When somebody else becomes a front office vendor, you lose relevance and they build an offshore capability and then exactly what we did to Global IT companies, they do to us. So that is the reason digital is very important not from a margin or revenue perspective. It is very important from a relevance point of view. And customer relationship, privileged access—all what Indian IT is damn good at, will come from you being relevant to their pain areas. 

Now, digitalisation is a good target to have, it is an aspiration. But I am assuming that it is not that easy to achieve. Wipro said recently that they were launching a massive programme to equip everyone with AI. There have been similar programmes run by people like Accenture and I am sure all IT companies to equip them with the world of digital. So are you saying that all of that is not happening or there's not enough of it happening? 

I will be very unpopular for saying this. There is a verbose and there is a reality. A lot of revenues got rechristened as digital revenues, right? And because of which we potentially see everybody being extremely good in digital. But when you see what are the actions people have taken, how many of these companies have created specific digital divisions? 
So how did Indian IT grow? Every time we grew, Indian IT was based on creating completely new divisions and new service lines. So how many companies have a completely different division for digital? Number two, what are the kind of intellectual property applications which Indian IT has put in compared to let us compare Accenture versus some of the others and saying what are the kind of applications which have been put in? What kind of products have we announced? What kind of product platforms have we announced? Because tomorrow everything is going to be around platforms and not about people in capability. This is what AI and ML is. So I think we have to think differently. Yes, the legacy business has to be thought exactly the way we thought before. But the digital business has to be thought of differently. The legacy business will also see a digital. 

Some of my colleagues in the industry are absolutely right that they are going to use AI, ML to be more productive. The service costs will go down. If we needed ten people, we will need two people. All that stuff is going to happen, definitely going to happen. But my argument is legacy is not going to be relevant. The relevance is shifting. Most of these banks are struggling to be relevant to their customers. And so there is where you need to move and to be able to move the matrix for you is completely different.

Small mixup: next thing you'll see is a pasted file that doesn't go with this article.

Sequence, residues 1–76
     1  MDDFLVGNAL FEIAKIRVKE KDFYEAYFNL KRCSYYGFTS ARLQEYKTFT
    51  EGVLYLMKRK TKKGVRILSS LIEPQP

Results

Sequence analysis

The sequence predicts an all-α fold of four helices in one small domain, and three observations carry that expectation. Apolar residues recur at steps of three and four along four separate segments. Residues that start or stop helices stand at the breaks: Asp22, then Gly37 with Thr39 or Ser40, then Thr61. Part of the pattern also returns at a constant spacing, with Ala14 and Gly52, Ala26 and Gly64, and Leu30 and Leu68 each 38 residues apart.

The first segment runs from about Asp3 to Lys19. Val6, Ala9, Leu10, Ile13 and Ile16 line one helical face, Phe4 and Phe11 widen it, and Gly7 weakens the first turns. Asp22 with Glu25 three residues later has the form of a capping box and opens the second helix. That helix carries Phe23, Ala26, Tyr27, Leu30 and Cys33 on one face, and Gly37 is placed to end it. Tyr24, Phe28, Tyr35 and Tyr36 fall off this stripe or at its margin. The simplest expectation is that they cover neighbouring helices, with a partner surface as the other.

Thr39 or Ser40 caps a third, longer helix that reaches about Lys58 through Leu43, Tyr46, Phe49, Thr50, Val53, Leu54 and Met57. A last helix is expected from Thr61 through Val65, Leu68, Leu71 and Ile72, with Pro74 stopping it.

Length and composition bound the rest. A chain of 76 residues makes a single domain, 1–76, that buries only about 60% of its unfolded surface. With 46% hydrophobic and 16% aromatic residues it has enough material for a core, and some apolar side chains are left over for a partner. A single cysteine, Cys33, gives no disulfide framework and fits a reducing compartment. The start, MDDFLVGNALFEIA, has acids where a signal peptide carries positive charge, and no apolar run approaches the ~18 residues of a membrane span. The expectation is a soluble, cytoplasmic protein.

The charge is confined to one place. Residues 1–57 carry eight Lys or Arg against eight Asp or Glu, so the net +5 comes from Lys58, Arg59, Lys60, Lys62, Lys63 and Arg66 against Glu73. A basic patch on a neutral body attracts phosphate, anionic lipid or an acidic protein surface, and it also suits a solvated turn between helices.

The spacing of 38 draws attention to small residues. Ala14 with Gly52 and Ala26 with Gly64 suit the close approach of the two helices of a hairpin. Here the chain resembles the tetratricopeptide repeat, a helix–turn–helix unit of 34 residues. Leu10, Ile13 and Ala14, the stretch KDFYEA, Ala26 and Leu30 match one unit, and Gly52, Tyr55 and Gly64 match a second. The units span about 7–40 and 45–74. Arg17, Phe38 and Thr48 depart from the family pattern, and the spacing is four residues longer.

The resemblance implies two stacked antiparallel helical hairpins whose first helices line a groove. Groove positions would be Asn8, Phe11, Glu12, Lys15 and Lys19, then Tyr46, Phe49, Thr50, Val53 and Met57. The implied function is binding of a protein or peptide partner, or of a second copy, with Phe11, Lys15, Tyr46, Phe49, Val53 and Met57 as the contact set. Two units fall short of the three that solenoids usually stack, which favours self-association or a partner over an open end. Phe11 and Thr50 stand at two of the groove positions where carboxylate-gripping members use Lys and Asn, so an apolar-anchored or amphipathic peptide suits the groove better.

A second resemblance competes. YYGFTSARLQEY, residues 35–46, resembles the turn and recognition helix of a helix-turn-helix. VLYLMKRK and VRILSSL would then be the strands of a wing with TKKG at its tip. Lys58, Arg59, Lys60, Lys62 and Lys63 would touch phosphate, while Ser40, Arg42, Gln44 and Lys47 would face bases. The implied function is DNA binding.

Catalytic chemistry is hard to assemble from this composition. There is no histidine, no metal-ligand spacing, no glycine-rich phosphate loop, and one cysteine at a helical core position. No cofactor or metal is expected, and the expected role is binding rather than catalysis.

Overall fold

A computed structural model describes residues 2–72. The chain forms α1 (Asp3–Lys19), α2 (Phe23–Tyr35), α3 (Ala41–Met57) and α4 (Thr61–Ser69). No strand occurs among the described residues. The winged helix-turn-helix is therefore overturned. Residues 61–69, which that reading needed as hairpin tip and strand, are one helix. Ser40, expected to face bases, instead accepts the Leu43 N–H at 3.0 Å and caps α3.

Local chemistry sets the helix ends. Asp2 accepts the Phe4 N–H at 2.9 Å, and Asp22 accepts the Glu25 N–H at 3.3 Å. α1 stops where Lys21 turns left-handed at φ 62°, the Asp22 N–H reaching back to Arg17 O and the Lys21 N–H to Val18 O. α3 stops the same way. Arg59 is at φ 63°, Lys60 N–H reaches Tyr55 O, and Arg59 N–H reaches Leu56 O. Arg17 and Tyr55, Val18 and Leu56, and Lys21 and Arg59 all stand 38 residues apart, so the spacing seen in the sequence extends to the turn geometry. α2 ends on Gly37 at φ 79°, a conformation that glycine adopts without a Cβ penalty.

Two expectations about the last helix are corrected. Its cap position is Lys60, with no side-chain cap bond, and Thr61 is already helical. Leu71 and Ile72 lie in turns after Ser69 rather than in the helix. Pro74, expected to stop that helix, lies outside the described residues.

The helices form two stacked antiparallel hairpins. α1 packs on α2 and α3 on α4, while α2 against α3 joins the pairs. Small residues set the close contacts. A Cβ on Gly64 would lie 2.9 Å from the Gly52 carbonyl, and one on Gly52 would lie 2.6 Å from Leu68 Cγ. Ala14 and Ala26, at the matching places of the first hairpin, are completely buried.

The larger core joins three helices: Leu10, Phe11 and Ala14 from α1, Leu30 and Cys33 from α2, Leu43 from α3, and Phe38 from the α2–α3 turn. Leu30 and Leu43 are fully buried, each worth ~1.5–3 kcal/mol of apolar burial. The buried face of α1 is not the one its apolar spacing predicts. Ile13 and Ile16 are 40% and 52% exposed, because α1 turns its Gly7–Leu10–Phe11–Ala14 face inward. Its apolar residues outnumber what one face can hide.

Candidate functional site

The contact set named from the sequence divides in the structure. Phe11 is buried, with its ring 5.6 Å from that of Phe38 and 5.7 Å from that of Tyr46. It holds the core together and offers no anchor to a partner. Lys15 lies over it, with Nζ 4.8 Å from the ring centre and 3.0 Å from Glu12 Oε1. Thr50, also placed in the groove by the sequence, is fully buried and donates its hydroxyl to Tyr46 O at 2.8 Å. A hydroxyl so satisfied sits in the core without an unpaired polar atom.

And once again I say, I am dead sure that Indian IT will get it right. 

To come back to people, since that will be the core of all of this. You wrote perhaps at a time when you were not feeling very charitable. You said: IT companies now hire school pass out children and train them on the skills in just three months, giving them the advantage of lower cost and lower attrition. What they now seek from universities and colleges are advanced digital skills which are difficult to teach in six months. So, obviously it is difficult to teach in six months but these are people you have in your organisation. So, how…I am sure many transitions are happening but the larger problem seems to be unaddressed. 

I wrote that article from waking up the education system. At one particular time engineering used to be a large supply pool for the Indian IT and Indian IT is going down the tube and their legacy recruitment is school passout. And therefore if you're not careful your engineering colleges will close down, which is exactly what is happening. So the article I wrote was for the Indian education system, for the engineering colleges to wake up and be more relevant. But from an Indian IT point of view, I would challenge you to ask how many people, how many of the top five IITS , what percentage of the students go into Indian IT. So the talent is there, we have to have the guts to play competitive and get them. So either it is the price we pay or the job opportunity we offer or the platform to create products that we offer, the talent is in India. Why do we allow the talent to go somewhere else.